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Int J Radiat Oncol Biol Phys. 2000 Aug 1;48(1):241-50.

Relative biological effectiveness for cell-killing effect on various human cell lines irradiated with heavy-ion medical accelerator in Chiba (HIMAC) carbon-ion beams.

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International Space Radiation Laboratory, National Institute of Radiological Sciences, Anagawa, Japan.



To clarify the relative biological effectiveness (RBE) values of various human cell lines for carbon-ion beams with 2 different linear energy transfer (LET) beams and to investigate the relationship between the cell-killing effect and the biophysical characters, such as the chromosome number and the area of the cell nucleus, using qualitatively different kinds of radiations.


Sixteen different human cell lines were irradiated with carbon-ion beams, having 2 different LET values (LET(infinity) = 13.3 and approximately 77 keV/microm), accelerated by the Heavy Ion Medical Accelerator in Chiba (HIMAC) at National Institute of Radiological Sciences in Japan. Cell-killing effect was detected as reproductive cell death using a colony-formation assay. The number of chromosomes was observed in a metaphase spread using the conventional method. The area of the cell nucleus was calculated as an ellipse on photographs using a micrometer.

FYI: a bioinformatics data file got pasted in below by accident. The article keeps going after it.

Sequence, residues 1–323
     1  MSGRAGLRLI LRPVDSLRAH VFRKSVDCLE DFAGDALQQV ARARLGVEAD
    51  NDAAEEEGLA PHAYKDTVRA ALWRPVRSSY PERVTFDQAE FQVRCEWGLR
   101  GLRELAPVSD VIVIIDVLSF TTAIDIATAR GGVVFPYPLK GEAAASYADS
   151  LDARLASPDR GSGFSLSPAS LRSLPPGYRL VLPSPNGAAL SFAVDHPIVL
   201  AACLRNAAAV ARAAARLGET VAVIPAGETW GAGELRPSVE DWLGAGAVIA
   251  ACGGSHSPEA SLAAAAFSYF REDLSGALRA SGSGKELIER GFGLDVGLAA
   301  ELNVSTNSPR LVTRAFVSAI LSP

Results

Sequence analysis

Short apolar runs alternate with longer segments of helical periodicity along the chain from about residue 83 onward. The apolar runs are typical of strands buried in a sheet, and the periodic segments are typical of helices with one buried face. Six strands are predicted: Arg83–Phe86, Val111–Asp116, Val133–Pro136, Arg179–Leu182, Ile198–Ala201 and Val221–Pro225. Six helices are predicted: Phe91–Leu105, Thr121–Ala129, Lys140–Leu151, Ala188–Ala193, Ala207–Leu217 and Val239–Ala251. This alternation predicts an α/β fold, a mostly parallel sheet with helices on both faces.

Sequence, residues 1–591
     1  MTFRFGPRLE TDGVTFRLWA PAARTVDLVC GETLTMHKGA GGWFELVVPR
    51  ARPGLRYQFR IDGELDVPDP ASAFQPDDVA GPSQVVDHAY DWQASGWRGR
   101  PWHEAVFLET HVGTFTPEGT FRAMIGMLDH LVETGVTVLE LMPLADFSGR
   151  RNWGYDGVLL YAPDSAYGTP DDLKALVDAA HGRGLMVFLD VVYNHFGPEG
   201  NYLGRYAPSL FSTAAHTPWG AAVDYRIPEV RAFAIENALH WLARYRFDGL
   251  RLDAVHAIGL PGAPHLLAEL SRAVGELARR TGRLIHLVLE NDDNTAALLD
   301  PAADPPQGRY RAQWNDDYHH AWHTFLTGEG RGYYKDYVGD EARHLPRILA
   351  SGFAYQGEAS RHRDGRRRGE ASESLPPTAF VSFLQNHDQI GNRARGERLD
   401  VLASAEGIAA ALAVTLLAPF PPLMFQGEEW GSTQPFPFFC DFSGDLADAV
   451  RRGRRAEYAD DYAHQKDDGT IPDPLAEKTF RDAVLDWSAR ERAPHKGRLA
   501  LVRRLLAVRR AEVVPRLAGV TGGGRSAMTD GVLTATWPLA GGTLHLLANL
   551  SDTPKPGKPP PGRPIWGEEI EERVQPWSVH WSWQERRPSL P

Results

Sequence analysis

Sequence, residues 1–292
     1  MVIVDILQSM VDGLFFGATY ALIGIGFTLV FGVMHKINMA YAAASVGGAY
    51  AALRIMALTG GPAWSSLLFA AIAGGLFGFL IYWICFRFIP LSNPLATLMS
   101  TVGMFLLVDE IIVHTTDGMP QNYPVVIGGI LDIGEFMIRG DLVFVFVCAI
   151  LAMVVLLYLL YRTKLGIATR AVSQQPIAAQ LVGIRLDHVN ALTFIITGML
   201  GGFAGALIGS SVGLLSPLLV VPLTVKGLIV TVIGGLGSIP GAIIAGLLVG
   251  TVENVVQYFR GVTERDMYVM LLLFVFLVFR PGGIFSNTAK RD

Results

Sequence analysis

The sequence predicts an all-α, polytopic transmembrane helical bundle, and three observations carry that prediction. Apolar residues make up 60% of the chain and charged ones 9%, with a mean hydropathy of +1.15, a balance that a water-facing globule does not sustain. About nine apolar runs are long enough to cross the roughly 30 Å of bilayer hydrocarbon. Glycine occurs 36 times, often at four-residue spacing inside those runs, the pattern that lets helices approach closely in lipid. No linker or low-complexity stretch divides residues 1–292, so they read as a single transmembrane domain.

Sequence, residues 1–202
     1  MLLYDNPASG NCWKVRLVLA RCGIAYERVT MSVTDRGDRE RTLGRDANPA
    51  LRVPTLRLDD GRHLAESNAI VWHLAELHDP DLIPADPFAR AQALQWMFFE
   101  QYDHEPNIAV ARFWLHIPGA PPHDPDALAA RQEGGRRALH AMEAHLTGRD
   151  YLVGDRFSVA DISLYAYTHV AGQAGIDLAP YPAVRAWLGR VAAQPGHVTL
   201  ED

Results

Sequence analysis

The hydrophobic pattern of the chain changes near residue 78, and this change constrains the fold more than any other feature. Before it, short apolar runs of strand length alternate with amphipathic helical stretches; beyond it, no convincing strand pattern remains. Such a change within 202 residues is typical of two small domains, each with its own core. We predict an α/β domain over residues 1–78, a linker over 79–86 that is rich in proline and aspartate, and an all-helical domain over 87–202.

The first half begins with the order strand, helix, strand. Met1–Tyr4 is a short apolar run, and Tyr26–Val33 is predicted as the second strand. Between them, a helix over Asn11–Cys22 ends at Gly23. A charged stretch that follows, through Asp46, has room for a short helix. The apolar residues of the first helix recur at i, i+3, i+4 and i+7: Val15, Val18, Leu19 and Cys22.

The RBE values calculated by the D(10), which is determined as the dose (Gy) required to reduce the surviving fraction to 10%, relative to X-rays, range from 1.06 to 1.33 for 13-keV/microm-beam and from 2.00 to 3. 01 for approximate 77-keV/microm-beam irradiation on each cell line. There was a good correlation in the D(10) values of each cell line between X-rays and carbon-ion beams. However, the D(10) values did not clearly depend on either the chromosome number or the area of the cell nuclei.


The RBE values for HIMAC carbon-ion beams are consistent with previous reports using carbon-ion beams with the similar LET values, and the cellular radiosensitivity of different cell lines well correlate among different types of radiation.

[Indexed for MEDLINE]

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